Daniel's Place

Daniel's Place in Santa Monica is a support center that can be, for some, a home away from home.
By Martha Groves
Los Angeles Times Staff Writer

November 26, 2007

It's not at all typical for a 27-year-old man to enlist Buster the Bunny and Peter the Penguin to facilitate conversations with his mother.

But Jan Kyas can tell his plush go-betweens things he finds it hard to say directly to people. His mother, Jirina Kyas, has embraced this communion; she talks to them as well when speaking right to her son doesn't work.

A former high school percussionist and Santa Monica College graduate, the young man learned as an adult that he suffers from Asperger's syndrome, a form of autism characterized by difficulties with social and communication skills, and the often attendant depression and anxiety. He carries the stuffed animals in his backpack.

Kyas has no qualms about trotting out his inanimate menagerie when he visits Daniel's Place, a Santa Monica support center for mentally ill young adults and their families. Other participants don't bat an eye in the center's group room, the walls of which are plastered with their original drawings.

After all, these are people who all have their own ways of coping. Sometimes it's growing a dramatically spiked mohawk. Sometimes it's singing the oldies on a karaoke machine. Sometimes, amazingly, it's using humor. Despite enduring frightening psychotic breaks and the vagaries of medication, the participants at Daniel's Place saw fit to dub a furry white mascot "Bipolar Bear."

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Chris Keeley

What do we eat when we eat meat?

by Bill Buford

Two butchers (and one pig’s head) in the Rungis Market, on the outskirts of Paris. Photograph by Jonathan Becker.

Is it possible that meat is now openly enjoying a renaissance—that it’s finally cool to be a carnivore? If so, it has been a long time coming. Meat-eaters, having already ceded the moral ground to vegetarians (no one has ever really come up with a persuasive rejoinder to the claim that a warm-blooded, pain-feeling creature’s life shouldn’t be taken for your supper), have more recently had to accept that their diet is probably the source of much of the world’s heart disease and much of its obesity. That diet is also sustained by an industry that is just flat-out evil: the factory farms, the egregious economies of waste in fast food, the ghastly genetic manipulations of chickens and turkeys, the pigs raised in no-room-to-move confinement, the reckless use of antibiotics and growth hormones (as well as the frightful possible consequences—early breasting in children, difficult-to-defeat superbugs), the contamination of fields and rivers by noxious excrement runoffs from feedlots the size of small nations, the tricks and shortcuts adopted by supermarkets (cheap animals fattened on cheap grain, butchered by high-pressure hose, and packaged at their bloated maximum weight). And yet, at a time when things could not seem worse, there is a generation of people (in their forties or younger) who are thinking hard and philosophically about their food and are prepared to declare: Enough! I’m a meat-eater and proud of it! Three books by authors from three backgrounds—a farmer, a chef, and a pig-slaughtering, bacon-loving descendant of butchers—are remarkably alike in their gleeful chauvinism about being carnivores.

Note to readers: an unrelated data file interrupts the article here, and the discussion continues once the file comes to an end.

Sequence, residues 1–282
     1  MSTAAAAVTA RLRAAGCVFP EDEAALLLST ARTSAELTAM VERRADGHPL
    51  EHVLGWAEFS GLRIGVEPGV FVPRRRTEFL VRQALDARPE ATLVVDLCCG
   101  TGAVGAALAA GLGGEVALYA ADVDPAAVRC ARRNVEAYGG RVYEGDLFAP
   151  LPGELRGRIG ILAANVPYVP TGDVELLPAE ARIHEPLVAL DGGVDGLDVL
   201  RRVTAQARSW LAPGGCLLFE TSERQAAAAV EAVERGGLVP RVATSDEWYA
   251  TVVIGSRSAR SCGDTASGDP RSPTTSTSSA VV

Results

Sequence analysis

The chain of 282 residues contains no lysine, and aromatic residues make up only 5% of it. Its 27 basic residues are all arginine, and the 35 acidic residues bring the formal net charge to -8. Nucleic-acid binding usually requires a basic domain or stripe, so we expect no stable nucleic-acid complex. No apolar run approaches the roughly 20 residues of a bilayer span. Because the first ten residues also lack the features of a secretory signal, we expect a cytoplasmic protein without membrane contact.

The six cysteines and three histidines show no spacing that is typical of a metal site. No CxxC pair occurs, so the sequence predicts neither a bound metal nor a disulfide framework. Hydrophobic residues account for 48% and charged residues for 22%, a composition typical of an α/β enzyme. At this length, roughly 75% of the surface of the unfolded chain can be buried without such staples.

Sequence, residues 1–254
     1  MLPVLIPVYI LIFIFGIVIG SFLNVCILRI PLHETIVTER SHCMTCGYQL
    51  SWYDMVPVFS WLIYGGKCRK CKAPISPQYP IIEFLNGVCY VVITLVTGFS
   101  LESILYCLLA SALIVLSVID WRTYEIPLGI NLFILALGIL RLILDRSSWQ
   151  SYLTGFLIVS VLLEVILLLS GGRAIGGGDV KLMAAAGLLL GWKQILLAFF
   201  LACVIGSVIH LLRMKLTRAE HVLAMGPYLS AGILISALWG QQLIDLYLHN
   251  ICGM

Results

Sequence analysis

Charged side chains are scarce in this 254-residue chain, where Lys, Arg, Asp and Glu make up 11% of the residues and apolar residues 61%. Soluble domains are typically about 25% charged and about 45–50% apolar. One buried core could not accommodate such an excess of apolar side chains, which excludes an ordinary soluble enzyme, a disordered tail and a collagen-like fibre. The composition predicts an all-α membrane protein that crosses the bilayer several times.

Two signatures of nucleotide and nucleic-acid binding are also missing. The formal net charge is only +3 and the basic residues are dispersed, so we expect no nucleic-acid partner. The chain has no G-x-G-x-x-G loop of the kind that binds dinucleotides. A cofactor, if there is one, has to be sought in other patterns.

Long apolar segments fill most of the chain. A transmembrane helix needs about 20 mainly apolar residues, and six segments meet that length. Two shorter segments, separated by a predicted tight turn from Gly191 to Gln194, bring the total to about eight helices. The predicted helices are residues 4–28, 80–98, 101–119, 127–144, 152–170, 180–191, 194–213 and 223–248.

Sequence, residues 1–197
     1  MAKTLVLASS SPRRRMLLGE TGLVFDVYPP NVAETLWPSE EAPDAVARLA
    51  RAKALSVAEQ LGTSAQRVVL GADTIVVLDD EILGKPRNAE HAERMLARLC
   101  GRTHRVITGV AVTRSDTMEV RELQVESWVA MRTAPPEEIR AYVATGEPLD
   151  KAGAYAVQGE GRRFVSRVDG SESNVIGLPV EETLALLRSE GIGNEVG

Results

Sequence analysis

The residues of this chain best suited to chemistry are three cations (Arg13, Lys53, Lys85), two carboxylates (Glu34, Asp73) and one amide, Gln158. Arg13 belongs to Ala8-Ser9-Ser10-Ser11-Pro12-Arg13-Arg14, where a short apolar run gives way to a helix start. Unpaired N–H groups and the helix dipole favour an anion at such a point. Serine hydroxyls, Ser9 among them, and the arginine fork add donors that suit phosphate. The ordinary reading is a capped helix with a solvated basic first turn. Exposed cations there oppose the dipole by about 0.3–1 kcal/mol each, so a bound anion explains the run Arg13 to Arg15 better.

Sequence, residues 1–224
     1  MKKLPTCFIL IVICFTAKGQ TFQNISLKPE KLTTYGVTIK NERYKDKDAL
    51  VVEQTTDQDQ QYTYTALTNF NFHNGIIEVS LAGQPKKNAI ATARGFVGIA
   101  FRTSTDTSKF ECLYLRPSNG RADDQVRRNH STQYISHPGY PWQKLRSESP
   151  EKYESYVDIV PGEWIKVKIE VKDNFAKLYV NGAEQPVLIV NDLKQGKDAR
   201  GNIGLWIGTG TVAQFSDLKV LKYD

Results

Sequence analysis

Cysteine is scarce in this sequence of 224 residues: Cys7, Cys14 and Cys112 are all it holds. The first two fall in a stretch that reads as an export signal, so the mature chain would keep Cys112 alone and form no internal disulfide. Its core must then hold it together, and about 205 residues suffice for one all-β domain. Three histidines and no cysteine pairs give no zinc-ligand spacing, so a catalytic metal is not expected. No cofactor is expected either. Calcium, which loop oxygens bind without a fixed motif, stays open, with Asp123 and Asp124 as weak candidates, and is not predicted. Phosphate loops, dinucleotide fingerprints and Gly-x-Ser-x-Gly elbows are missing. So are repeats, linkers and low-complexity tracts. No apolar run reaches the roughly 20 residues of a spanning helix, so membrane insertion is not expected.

The farmer is Hugh Fearnley-Whittingstall, a British food celebrity. He is forty-two, principally a journalist and television host by trade, who wears inexpensive horn-rimmed glasses so familiar to his British audience that they are now a piece of instant anti-branding branding. The look, like his dress (muddy Wellington boots, soiled linen jacket, the mess of the occasional apron) and his long, sometimes washed, hippyish brown hair (often pictured dangling in his face and over the dishes he is preparing), conveys a no-nonsense disregard for appearances and petty courtesies and an earnest commitment to a higher truth.

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Chris Keeley

Marwan Bishara: "Short on peace, long on process" (ALJAZEERA)

TO: Distinguished Recipients
FM: John Whitbeck

Transmitted below is an assessment of "Annapolis" by Marwan Bishara,
posted today on the website of ALJAZEERA ENGLISH, for which Marwan is
now the senior political analyst.

Short on peace, long on process

By Marwan Bishara, Al Jazeera's senior political analyst

Previous talks have failed to find a solution that provides for
peaceful coexistence
between Israelis and Palestinians [AFP]

Hosted by the US president and supported by Arab, European and other
foreign ministers, Palestinian and Israeli leaders are expected to
re-launch their long stalled negotiations in Annapolis on Tuesday.

Judging from its high attendance and low expectations, Annapolis is
more likely to help three sitting ducks, Olmert, Abbas and Bush, than
advance the cause of peace in the Middle East.

The summit also helps the "peace president" silence his domestic Iraq
policy detractors as the "war president" tries to isolate his Middle
East rivals like Iran who reject a pax Americana in the region.